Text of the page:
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This week, Cathay Pacific took delivery of its very first A350. The airline is perhaps best known for its fantastic first-class product — which unfortunately isn’t available on this latest addition to the fleet. Still, Airbus’ answer to the Boeing 787 Dreamliner arguably offers one of the most comfortable rides in the sky — seat configurations are typically identical to what you’ll find on the 787, but the A350 cabin measures nearly half a foot wider, allowing for nearly an extra inch of width in economy.
Cathay’s A350 offers three cabins, consisting of 38 business class seats (arranged in a 1-2-1 configuration), 28 premium economy seats (2-3-2) and 214 seats in coach (3-3-3). The plane can fly more than 9,000 miles, allowing Cathay Pacific to operate service to pretty much anywhere on the globe. For now, the A350 will fly within Asia, with service to Europe launching later this year.
Let’s take a look inside…
The majority of passengers will be flying in Cathay Pacific’s economy cabin, which features 214 seats in total.
There’s not too much to get excited about when it comes to economy seating, however Cathay does offer a unique headrest design, which should add a bit of comfort.
The adjustable headrest offers slide-out panels, designed to make the seat much more comfortable when it comes time to sleep.
Each economy seat has on-demand entertainment, as you’d expect, with a large touchscreen panel on the back of the seat in front.
There’s a tray table, of course, but Cathay’s economy seat also includes a unique addition — a slide-out tablet and cup holder.
The tablet holder will certainly come in handy if you opt to bring your own entertainment on board.
You can choose to store your smartphone there, instead — storage is always at a premium in economy class, so some passengers will certainly appreciate this addition.
USB charging is now standard on many long-haul planes, including the A350.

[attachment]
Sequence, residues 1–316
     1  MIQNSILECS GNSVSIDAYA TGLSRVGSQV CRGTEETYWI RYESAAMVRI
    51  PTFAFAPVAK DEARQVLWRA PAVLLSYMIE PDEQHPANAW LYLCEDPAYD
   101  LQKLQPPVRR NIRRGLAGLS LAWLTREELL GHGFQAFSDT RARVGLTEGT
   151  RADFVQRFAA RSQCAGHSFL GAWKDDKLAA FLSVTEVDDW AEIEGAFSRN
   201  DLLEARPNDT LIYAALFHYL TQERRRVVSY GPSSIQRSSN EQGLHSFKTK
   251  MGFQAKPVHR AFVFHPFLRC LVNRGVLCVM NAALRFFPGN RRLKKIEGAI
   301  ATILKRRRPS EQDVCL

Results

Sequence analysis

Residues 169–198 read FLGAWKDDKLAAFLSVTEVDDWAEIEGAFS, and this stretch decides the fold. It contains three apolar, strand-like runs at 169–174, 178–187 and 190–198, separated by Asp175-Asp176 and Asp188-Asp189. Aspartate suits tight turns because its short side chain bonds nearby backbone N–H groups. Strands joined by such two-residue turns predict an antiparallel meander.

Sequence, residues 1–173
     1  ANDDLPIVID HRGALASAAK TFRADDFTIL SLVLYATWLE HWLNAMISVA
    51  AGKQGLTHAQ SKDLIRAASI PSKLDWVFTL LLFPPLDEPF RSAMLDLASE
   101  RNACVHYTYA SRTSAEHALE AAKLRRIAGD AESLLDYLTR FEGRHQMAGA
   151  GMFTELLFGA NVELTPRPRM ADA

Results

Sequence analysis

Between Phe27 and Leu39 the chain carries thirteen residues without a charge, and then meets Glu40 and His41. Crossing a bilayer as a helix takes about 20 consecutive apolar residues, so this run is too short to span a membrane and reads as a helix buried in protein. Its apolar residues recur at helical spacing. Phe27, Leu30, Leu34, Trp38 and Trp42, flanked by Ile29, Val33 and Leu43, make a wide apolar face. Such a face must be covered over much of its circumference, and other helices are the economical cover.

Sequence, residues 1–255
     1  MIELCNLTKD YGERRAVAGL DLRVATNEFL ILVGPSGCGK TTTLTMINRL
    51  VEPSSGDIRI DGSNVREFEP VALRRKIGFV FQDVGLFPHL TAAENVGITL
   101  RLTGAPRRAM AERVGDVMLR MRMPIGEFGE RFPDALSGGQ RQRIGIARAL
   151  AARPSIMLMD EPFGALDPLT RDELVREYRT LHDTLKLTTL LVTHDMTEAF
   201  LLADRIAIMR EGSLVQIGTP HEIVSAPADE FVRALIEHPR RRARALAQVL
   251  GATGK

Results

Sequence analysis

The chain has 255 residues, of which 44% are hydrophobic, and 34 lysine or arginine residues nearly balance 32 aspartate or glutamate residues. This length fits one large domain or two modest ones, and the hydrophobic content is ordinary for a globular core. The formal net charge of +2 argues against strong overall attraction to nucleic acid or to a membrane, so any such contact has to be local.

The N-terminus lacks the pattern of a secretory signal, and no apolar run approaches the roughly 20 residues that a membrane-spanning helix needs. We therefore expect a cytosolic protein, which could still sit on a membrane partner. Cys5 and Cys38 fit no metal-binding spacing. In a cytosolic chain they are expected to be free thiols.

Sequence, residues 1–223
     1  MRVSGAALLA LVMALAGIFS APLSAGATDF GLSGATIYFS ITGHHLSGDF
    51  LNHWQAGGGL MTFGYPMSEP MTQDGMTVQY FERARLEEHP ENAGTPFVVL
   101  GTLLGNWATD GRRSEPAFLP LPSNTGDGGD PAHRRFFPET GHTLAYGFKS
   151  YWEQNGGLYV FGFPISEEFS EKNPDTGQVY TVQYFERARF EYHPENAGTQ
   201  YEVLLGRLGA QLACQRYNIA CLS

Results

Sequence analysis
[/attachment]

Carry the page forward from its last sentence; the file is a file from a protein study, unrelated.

The tray table is a bit smaller than what you’ll find with older economy seats, but it’s still large enough to accommodate a 12-inch MacBook.
Economy passengers also receive a decent-looking pillow.
Premium Economy Class
Moving on to premium economy, this cabin offers a total of 28 seats arranged in a 2-3-2 configuration. Cathay’s standard premium economy seats have been updated a bit for the A350, but they’re largely the same as what you’ll find on the 777-300ER — and in business class on the airline’s regional fleet.
There’s plenty of connectivity, including a dedicated USB charging port and a universal power outlet for each seat. This aircraft also offers satellite Wi-Fi.
Each seat has a dedicated drink table, which slides out from the center console.
There’s also a full-size fold-out tray table.
The armrests offer an adjustable height, so you can raise and lower them as you wish.
There’s also a reading lamp built into the seat.
Premium economy seats include a fold-out footrest (controls above), and offer quite a bit more recline than regular coach. There’s also a handy compartment for storing a passport, tablet and other valuables during the flight.
As with regular economy, the premium cabin offers a dedicated tablet holder, which folds out from just under the touchscreen display.
Passengers receive a slightly larger pillow.
Comforters are available as well in premium economy.
The business-class seats on the A350 are similar to those found on Cathay’s existing long-haul fleet, including the 777-300ER.
Seats lie completely flat, as you’d expect, but you can also lower the armrest to add even more sleeping space.
Seats are arranged in a 1-2-1 configuration, giving passengers plenty of space and privacy.
Each seat has a flip-out display loaded with on-demand entertainment, which can be selected using the touchscreen controller.
Cathay’s already known for its excellent service in all classes, which extends to the A350, of course.
How to Fly Cathay’s A350
For the next few months, you’ll need to catch Cathay Pacific’s A350 on flights within Asia, but the airline plans to launch service to Europe soon, beginning with Dusseldorf on September 1 and London Gatwick on September 2. Award availability is decent in all three cabins on both routes, with up to five seats available in business class on some flights.
Believe it or not, your best bet is to redeem Alaska Mileage Plan miles for these flights between Europe and Hong Kong. A one-way flight will set you back just 42,500 miles in business class, 35,000 miles in premium economy or 30,000 miles in coach. You can also opt to redeem 75,000 AAdvantage miles for business or 35,000 for economy. You’ll want to avoid redeeming Avios for premium-cabin travel — British Airways requires 30,000 Avios each way in coach, but 60,000 in premium economy and 90,000 each way in business class.
Do you have plans to fly Cathay Pacific’s new A350?
All images courtesy of Cathay Pacific.
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